Recognition and Management of BPPV for an Elderly Female Patient Referred for Low Back Pain: A Resident's Case Study
Benign paroxysmal positional vertigo (BPPV) is common among older adults and frequently misdiagnosed or unidentified. Undiagnosed BPPV has been associated with depression, falls and ADL limitations. This case study describes the diagnostic process and management of BPPV for a 65-year-old patient with a primary complaint of chronic low back pain (LBP) in an outpatient orthopedic physical therapy setting. Following routine screening performed on initial evaluation, the patient was educated about examination findings that indicated the potential for BPPV and given the option to proceed with further assessment or defer until LBP was under control. The patient attended 16 visits over the course of care and the complaint of vertigo, described as a true spinning sensation, was assessed further on the visit 5. Continued assessment confirmed BPPV and the canalith repositioning procedure was administered. Following positive response to this intervention, the maneuver was re-administered on visit 6. Complete resolution of symptoms was reported on visit 7 and for the remainder of physical therapy services over the following month. Physical therapists may play a vital role in reducing healthcare expenses associated with cost to arrive at the diagnosis of BPPV, as well as improving the quality of life and safety of the older adult population affected by BPPV.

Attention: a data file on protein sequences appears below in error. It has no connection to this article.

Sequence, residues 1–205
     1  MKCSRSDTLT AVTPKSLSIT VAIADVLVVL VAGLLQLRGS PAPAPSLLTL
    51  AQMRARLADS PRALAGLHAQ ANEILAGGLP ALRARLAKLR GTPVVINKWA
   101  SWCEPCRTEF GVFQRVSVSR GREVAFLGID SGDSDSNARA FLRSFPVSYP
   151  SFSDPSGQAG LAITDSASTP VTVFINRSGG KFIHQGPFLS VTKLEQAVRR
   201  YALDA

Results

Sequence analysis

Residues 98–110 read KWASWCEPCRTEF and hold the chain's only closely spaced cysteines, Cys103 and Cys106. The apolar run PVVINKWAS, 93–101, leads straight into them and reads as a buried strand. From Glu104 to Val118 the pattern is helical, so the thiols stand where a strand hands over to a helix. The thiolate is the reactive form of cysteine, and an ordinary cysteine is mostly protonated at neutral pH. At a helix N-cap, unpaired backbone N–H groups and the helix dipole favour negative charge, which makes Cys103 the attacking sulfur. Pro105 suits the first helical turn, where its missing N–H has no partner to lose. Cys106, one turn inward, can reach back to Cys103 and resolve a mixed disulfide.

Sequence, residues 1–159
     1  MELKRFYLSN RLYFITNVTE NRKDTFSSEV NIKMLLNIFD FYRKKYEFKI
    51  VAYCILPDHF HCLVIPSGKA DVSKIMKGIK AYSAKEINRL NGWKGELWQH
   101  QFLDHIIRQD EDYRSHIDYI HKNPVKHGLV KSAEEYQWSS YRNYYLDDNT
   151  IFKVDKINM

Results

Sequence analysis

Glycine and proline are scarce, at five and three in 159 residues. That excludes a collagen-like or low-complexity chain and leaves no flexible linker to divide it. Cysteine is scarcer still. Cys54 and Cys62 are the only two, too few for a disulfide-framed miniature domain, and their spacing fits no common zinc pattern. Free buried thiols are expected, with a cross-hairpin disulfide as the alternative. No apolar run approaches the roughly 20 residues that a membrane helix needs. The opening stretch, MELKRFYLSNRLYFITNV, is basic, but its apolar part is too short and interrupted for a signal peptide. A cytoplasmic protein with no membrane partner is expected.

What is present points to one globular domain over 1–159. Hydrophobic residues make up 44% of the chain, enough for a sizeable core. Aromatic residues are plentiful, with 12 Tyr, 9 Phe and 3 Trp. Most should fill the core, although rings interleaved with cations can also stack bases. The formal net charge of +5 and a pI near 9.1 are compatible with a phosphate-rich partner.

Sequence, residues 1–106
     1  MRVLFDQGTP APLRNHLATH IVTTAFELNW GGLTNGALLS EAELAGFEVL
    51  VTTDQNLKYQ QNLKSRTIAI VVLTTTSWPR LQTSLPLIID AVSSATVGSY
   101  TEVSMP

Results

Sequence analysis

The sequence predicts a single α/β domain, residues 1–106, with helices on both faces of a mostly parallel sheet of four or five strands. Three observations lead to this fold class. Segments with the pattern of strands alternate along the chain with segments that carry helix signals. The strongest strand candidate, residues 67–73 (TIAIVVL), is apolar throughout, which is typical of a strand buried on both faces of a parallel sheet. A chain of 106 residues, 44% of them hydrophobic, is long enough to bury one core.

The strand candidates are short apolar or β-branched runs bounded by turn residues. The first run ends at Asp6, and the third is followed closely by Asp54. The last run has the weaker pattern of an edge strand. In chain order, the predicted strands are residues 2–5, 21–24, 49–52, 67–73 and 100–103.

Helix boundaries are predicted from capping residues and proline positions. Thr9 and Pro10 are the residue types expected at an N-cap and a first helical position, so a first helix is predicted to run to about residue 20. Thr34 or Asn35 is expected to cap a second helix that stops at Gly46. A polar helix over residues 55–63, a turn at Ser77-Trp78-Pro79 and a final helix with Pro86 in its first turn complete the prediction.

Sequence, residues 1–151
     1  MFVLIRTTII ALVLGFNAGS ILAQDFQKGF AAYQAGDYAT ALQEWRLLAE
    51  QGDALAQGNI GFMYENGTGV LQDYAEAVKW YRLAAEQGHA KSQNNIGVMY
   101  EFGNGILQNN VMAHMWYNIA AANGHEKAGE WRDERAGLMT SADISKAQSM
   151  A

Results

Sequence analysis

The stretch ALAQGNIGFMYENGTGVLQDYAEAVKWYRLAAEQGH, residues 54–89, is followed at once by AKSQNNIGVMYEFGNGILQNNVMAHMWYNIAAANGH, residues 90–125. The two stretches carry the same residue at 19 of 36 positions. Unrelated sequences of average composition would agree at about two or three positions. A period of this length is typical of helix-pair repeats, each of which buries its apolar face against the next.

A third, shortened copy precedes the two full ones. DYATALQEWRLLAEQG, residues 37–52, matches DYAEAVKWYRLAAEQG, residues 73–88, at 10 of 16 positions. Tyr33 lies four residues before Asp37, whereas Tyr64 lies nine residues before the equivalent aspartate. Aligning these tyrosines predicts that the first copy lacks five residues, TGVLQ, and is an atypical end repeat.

Physiotherapy Theory and Practice
Digital Object Identifier (DOI)
Massey BJ, Osborne R, Beneciuk J. Recognition and management of BPPV for an elderly female patient referred for low back pain: A resident’s case study. Physiotherapy Theory and Practice 2014 Aug;30(6):444-51